Drug reduces daily 'off' time for Parkinson patients
Parkinson disease patients taking the drug, ropinirole 24-hour prolonged release significantly reduced their daily "off" time in which Parkinson's symptoms like tremor, slowness, stiffness, and walking difficulty return as drugs wear off, according to a study published in the April 3, 2007, issue of Neurology, the scientific journal of the American Academy of Neurology.
The study involved 393 people with Parkinson disease who weren't responding optimally to the widely used treatment for Parkinson, levodopa. For the study, half of the group took the prolonged release version of the drug ropinirole, called ropinirole 24-hour, and levodopa for six months. The other half took placebo and levodopa. Other Parkinson disease medications were not changed during the study.
Researchers found those people taking the drug reduced their average daily "off" time by 2.1 hours compared to .3 hours in the placebo group.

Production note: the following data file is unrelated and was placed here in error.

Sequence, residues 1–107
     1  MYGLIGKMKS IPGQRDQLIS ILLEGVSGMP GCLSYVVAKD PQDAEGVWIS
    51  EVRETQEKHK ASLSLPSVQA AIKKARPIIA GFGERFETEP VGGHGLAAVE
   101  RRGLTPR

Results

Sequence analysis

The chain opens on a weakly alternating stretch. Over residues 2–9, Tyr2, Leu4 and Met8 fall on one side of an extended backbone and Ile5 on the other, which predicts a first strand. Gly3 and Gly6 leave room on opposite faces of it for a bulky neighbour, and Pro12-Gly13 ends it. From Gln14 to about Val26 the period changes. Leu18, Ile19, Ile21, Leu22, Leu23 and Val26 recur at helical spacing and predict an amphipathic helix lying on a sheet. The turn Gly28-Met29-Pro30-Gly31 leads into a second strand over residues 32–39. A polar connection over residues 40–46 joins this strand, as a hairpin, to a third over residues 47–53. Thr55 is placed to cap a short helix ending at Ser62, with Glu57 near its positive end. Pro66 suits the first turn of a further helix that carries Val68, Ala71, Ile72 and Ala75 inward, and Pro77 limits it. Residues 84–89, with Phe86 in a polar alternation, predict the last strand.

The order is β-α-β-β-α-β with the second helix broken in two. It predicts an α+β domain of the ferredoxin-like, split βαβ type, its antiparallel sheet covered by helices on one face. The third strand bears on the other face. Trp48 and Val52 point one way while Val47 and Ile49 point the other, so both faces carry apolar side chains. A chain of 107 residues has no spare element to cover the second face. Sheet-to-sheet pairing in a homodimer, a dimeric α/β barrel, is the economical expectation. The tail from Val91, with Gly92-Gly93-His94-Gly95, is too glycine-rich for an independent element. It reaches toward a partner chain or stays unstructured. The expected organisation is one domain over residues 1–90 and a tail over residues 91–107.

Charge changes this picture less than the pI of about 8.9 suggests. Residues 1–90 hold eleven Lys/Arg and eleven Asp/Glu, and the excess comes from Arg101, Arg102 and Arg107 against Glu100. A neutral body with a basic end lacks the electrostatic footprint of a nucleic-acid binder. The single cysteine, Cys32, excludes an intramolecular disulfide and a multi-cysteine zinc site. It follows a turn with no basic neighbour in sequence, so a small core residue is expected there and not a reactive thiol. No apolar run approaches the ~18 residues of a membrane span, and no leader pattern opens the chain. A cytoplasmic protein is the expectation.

"Ropinirole 24-hour prolonged release, when taken with levodopa, is effective in reducing daily 'off' time for Parkinson patients who aren't getting the best results from levodopa," said study author Rajesh Pahwa, MD, with the University of Kansas Medical Center in Kansas City, Kansas, and Fellow of the American Academy of Neurology. "We also found the drug helped improve quality of life and motor function."
Among those taking ropinirole, researchers found significant improvements in troublesome Parkinson symptoms, quality of life, depression, emotional well-being, stigma, and sleep. Over half of the people in the ropinirole group were classified as much improved" or "very much improved" compared to 14 percent in the placebo group. Those taking ropinirole were also able to reduce their dosage of levodopa.
According to the study, common side effects were involuntary movements, nausea, dizziness, drowsiness, hallucinations, and sudden drops in blood pressure. The 24-hour prolonged release ropinirole appears to be as effective as immediate release ropinirole and better tolerated.
Source: American Academy of Neurology